So I’ve decided to opt out. Twenty years of paying someone to treat me like I’m not there is enough. If I didn’t need my thyroid prescription refilled, I wouldn’t go to the doctor at all. The least I can do is keep my pants on when I go.

8 comments

  1. Lori · December 14, 2014

    I probably could have written this exact post myself. While preventive medicine has a point and I am sure it occasionally saves lives, doctors have lost our trust and for good reasons. It’s hard to believe that they do what they do exclusively for our health, when we know what role money plays in the way their businesses are set up. I’m sorry. It’s just hard to believe in their good intentions anymore. I’d rather trust the cues of my body and go get checked when I feel something might be wrong rather than subjecting myself to poking and prodding for reasons that are about to change every few years with new research. I mean, clearly, annual pelvic exams were “saving lives” just until recently. I don’t know. Our bodies are our own and we take whatever decisions we’re comfortable with regarding our health. And nobody should make us feel guilty about that. I guess that’s where I stand.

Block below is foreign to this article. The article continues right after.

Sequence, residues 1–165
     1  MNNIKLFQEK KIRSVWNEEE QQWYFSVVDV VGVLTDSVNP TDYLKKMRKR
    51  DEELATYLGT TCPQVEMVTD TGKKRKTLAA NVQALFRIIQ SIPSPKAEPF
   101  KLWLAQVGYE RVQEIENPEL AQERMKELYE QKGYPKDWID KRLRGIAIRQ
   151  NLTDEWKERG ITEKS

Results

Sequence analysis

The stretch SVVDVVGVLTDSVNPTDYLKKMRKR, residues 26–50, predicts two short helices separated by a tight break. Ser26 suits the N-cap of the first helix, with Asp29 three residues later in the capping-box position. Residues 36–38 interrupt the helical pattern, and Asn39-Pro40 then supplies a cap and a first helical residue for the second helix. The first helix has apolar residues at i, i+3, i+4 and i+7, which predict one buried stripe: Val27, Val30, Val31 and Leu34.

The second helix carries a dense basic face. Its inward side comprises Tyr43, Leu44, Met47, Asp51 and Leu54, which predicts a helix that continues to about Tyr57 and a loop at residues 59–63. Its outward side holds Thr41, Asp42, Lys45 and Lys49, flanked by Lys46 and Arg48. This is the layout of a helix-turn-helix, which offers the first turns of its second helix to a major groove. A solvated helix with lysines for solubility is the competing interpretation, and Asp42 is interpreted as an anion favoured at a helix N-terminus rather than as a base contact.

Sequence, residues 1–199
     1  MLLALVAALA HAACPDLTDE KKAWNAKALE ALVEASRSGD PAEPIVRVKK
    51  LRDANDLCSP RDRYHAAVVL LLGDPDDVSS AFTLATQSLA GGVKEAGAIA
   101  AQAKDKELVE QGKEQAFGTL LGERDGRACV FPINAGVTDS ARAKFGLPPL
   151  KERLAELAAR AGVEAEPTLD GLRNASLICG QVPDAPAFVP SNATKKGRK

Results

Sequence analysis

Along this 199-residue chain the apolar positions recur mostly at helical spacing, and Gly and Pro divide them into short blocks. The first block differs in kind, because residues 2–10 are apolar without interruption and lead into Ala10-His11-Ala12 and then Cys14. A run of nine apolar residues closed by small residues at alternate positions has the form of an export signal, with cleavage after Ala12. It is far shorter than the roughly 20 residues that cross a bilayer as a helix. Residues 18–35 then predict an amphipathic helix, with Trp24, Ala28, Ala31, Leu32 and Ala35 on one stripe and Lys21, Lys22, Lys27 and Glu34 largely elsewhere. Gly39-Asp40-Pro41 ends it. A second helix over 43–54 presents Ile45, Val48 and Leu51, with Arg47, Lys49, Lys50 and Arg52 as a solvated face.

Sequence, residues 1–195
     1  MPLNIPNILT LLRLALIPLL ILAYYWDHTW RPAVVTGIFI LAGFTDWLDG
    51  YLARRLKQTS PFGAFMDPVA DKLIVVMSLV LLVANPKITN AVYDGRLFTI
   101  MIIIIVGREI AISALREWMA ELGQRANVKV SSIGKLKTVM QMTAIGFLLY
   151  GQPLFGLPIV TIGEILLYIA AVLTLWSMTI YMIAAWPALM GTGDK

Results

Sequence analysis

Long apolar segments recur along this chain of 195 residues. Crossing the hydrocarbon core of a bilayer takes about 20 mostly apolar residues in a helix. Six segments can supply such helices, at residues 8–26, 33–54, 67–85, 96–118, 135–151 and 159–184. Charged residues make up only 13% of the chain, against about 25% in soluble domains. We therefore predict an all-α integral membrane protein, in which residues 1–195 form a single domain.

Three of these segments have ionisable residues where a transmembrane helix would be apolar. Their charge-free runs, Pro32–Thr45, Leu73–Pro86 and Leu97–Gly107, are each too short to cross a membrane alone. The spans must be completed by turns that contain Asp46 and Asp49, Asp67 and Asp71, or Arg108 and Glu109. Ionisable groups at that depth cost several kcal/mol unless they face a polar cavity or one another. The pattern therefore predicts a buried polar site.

Like

    • Charity · December 14, 2014

      “Our bodies are our own and we take whatever decisions we’re comfortable with regarding our health. And nobody should make us feel guilty about that.”